"fine scratches" out of it.


To answer your question directly, you need to sand it with sand paper that's coarse enough to remove the scratches without making deeper (more coarse) scratches, then use finer and finer grits up to 2000. Then polish.

You might end up polishing it a few times to see your final results only to see that you have missed some scratches and need to redo it once again.

Last edited by FootStomper; Fri Mar 09 2018 02:40 PM.

~~ Darcy

1959 GMC 9310 Canadian- built Shortbox Fleetside Deluxe
FootStomper
In the Stovebolt Gallery
In the Project Journals Forum
Re: Working on Stainless Trim
Achipmunk #1258005 Fri Mar 09 2018 03:55 PM
Joined: Apr 2016
Posts: 585
M
Shop Shark
I have been spending many hours polishing lately. One thing I have learned is first do no harm. It's better to take longer with a finer abrasive than to use a heavier one and then try to get the scratches out. On more fragile pieces I like to use die grinders with embedded abrasive nylon 2" rol-lok wheels, much more forgiving. There are lots of polishing wheels for die grinders of various sizes and shapes. Also a 2" orbital die grinder is handy and hook and loop disk can be gotten up to 10,000 grit. none of this is very expensive. I use Eastwood emery compound and then their stainless compound to finish. Hope this helps.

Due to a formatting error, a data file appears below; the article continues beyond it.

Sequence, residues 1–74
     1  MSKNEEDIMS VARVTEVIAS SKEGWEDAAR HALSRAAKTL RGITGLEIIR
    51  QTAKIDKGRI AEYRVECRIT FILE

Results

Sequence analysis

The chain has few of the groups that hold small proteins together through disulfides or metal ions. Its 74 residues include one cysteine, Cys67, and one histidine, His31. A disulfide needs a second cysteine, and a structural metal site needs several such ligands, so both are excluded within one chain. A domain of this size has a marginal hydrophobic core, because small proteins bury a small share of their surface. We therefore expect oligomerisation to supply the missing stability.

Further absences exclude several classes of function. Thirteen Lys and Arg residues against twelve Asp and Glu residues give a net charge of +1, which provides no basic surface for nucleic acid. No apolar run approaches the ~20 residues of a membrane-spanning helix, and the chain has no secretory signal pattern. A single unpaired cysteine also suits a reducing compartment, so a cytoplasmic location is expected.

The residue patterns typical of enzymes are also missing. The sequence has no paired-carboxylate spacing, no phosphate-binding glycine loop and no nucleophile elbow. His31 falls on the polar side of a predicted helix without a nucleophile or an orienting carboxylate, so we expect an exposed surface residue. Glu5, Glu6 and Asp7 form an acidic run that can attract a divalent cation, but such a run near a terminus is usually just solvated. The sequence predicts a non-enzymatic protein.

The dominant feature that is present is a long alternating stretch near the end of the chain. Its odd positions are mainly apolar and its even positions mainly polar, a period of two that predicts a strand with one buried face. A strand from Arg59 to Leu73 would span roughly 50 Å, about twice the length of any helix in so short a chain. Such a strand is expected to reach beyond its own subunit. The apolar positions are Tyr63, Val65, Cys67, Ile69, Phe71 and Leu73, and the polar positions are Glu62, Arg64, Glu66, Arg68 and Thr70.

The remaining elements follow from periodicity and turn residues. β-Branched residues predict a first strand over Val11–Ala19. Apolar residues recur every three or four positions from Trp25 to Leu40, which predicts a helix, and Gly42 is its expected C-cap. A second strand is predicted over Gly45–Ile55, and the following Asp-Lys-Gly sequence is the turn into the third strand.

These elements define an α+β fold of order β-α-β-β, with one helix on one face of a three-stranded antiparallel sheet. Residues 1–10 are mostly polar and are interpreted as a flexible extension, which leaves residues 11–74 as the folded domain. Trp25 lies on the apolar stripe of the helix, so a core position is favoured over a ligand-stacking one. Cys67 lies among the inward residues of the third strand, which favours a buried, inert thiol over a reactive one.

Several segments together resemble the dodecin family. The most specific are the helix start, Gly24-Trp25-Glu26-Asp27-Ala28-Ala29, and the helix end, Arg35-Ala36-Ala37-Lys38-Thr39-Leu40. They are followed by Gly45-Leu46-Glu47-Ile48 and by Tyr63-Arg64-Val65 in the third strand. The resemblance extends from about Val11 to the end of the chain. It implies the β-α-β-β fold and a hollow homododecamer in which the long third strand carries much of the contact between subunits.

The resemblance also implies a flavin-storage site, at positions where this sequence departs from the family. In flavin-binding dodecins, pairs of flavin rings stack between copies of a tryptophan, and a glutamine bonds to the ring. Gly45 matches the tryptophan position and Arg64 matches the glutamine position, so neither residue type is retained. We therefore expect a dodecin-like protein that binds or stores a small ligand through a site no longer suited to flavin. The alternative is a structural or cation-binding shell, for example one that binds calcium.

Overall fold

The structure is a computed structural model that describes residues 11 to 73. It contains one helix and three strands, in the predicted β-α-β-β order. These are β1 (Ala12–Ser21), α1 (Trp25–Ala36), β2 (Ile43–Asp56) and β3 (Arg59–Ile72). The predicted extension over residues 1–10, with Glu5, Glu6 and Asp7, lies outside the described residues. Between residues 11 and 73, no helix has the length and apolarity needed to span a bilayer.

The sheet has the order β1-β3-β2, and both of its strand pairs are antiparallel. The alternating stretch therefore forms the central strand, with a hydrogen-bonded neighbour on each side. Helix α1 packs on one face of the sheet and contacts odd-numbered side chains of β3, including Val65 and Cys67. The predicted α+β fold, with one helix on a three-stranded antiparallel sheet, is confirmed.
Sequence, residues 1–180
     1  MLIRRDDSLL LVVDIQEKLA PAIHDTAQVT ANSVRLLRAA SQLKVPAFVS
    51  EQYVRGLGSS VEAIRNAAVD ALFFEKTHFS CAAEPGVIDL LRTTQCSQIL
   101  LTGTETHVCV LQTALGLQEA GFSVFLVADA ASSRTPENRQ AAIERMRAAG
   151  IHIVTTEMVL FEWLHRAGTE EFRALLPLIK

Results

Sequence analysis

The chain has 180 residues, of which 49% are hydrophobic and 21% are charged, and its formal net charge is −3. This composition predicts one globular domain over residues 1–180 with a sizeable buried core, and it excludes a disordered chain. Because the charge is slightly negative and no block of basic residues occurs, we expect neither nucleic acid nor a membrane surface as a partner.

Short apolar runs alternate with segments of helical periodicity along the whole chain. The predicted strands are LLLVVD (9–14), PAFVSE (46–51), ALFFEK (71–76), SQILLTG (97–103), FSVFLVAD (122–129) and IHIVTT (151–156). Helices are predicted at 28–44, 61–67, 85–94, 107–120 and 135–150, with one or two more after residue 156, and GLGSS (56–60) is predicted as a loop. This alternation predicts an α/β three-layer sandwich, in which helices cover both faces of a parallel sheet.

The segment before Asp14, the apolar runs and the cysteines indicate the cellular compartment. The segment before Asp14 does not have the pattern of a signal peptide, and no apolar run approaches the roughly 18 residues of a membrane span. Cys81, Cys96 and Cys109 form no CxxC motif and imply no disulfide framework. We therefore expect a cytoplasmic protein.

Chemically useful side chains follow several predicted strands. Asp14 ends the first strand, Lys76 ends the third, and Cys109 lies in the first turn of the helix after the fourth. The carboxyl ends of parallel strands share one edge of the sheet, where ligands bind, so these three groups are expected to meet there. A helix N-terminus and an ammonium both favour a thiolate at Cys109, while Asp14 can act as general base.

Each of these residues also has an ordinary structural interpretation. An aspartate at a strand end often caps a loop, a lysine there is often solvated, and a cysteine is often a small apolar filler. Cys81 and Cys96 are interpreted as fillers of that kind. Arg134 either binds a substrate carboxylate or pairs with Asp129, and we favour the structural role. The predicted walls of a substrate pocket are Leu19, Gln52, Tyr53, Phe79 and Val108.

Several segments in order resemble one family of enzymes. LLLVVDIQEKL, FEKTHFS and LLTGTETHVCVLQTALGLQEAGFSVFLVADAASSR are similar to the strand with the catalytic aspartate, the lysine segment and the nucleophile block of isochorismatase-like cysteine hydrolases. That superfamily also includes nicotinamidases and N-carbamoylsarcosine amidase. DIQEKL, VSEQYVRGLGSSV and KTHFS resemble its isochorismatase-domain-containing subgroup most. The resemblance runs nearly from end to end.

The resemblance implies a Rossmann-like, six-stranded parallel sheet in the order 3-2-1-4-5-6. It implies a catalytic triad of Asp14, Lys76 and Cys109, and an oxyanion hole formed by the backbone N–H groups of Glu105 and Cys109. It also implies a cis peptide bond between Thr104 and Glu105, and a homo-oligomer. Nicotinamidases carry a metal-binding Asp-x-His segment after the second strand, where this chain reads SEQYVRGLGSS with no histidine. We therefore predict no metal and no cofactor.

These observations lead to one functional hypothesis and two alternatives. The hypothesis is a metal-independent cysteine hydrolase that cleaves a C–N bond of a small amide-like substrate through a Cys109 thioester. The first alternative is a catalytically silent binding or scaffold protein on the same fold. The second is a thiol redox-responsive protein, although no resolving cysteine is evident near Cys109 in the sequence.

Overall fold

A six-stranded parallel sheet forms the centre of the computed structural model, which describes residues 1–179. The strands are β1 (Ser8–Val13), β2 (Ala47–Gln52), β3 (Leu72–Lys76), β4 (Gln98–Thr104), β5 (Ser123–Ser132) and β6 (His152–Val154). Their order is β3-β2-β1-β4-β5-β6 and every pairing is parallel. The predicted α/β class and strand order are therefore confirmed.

Old enough to know better, too young to resist.
Re: Working on Stainless Trim
Achipmunk #1258026 Fri Mar 09 2018 05:11 PM
Joined: Dec 2001
Posts: 15,271
Boltergeist
Thanks guys. I think I'm on the right path.